THE REMAINS of a dead foal that was shot and left to rot in a Severn Beach field have finally been removed – after nine days.

Last week the Thornbury Gazette reported that a foal, discovered by locals on Western Approach Industrial Estate, had been shot by the RSPCA a week earlier.

The RSCPA have confirmed that an officer was called to a report of a collapsed bay gelding horse in the field on January 8.

A spokesman for the animal welfare charity said: “The officer spent a number of hours with the horse, along with representatives from equine charities World Horse Welfare and Horse World, in an attempt to help the animal recover.

“The horse couldn't stand up, despite attempts to help it. We do not know what the underlying problem was."

The RSPCA said the horse was “put to sleep” on the advice of the veterinary surgeon who examined the animal.

“It was the vet's opinion that the horse should be put to sleep to end its suffering which of course we accepted as we always act on vet advice. We won't go into the method used.”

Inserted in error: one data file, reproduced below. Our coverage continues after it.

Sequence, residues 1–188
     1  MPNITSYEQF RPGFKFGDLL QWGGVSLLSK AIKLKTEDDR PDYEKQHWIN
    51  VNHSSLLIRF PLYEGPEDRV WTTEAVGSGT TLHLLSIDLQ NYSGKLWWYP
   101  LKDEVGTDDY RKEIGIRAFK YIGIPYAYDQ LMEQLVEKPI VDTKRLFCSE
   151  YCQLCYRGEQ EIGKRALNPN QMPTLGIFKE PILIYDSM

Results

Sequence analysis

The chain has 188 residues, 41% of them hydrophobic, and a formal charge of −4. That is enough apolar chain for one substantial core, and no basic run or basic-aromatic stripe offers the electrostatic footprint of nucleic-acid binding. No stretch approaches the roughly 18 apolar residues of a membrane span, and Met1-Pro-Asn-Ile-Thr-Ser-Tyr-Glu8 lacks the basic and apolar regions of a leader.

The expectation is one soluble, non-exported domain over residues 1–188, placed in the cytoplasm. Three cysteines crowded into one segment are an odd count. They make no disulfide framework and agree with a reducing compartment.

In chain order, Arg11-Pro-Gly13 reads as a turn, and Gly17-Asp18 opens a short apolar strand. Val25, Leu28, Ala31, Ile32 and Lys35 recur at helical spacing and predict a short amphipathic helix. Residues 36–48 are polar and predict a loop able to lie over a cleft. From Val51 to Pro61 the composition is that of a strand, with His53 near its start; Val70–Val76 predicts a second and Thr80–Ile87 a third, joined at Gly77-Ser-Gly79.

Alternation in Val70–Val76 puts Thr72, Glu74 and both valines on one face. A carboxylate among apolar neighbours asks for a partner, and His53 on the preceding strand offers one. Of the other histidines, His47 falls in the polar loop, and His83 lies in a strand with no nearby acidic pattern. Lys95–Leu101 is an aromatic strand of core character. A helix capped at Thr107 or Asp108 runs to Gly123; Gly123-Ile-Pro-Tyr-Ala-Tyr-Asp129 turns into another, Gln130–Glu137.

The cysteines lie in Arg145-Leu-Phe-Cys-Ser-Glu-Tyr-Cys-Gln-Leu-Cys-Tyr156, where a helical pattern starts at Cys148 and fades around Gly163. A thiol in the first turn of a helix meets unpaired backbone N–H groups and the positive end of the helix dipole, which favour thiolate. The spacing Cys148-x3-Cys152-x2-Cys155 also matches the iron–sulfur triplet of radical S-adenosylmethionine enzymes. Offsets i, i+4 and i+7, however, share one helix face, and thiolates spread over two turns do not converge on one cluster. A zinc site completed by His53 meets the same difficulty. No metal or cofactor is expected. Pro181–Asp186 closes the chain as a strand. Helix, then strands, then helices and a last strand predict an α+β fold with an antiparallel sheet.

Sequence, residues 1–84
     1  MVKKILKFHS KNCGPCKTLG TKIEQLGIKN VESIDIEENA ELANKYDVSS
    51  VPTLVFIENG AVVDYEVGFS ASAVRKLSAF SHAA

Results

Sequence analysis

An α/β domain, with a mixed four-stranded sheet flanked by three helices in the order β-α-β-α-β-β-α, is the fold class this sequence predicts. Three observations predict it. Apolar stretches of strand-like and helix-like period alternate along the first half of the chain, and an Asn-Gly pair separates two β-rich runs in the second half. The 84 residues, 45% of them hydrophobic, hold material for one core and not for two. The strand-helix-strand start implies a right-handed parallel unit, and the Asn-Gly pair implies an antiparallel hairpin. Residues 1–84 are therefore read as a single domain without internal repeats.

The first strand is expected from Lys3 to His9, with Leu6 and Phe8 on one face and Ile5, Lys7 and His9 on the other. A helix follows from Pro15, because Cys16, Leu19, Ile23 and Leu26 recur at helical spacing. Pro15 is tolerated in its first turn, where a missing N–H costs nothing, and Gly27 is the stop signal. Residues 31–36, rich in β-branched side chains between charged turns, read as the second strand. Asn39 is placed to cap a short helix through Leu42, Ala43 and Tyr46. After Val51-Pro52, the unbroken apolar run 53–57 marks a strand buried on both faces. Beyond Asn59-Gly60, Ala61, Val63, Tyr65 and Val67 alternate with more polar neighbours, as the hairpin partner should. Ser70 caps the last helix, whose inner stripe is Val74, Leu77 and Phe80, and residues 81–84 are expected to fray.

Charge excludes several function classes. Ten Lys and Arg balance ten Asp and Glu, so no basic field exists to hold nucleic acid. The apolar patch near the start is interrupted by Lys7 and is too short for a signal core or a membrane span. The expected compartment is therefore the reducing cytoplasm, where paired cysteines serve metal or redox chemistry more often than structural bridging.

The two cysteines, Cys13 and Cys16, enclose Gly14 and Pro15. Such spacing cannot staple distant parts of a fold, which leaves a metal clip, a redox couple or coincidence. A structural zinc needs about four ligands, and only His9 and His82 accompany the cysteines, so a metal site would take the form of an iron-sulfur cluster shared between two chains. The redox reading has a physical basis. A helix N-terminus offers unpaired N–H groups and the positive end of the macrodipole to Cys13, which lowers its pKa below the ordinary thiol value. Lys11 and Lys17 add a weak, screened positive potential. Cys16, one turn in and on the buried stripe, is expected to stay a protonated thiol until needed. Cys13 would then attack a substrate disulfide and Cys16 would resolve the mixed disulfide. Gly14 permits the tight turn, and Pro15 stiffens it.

When asked why the remains had not been removed from the field sooner the RSPCA said they were not legally responsible for removing them.

“Investigations are still ongoing to trace the landowners, who are legally responsible for the removal of the horse’s body, and owner of the horse.

“Although it is legally the landowner’s responsibility to remove the bodies of dead animals from their property, the RSPCA is in this instance and at our expense arranged the removal of the horse’s body.”

Local resident Kieran Ashdown said: “I think it’s disgusting. It wasn’t right that they put the horse down and left its body behind.

Mr Ashdown said the foal was shot and another horse was left in the field in a distressed state with the carcass.

His mother Becky said the horses were in the field without food or water for weeks. She said the only food they got was from passers-by “who felt sorry for them”.

“It was so sad to see the foal dead in the field just lying out in the open with blood all around its head. The RSPCA shot it but we don’t know why.”

Since last week’s coverage the second animal has been removed from the field.

Mr Ashdown said fly-grazing was an ongoing problem in the area.

“I believe the owners of these horses have ASBOs on them and they are not supposed to keep horses under any circumstances but that doesn’t seem to bother them as they continue to cause harm to horses. I’ve addressed it to the police but nothing is being done about it.

“It just seems to be falling on deaf ears.”

Anyone with any information about the horse or the landowners, or with concerns for the welfare of any animal, can contact the RSPCA by calling 0300 1234 999.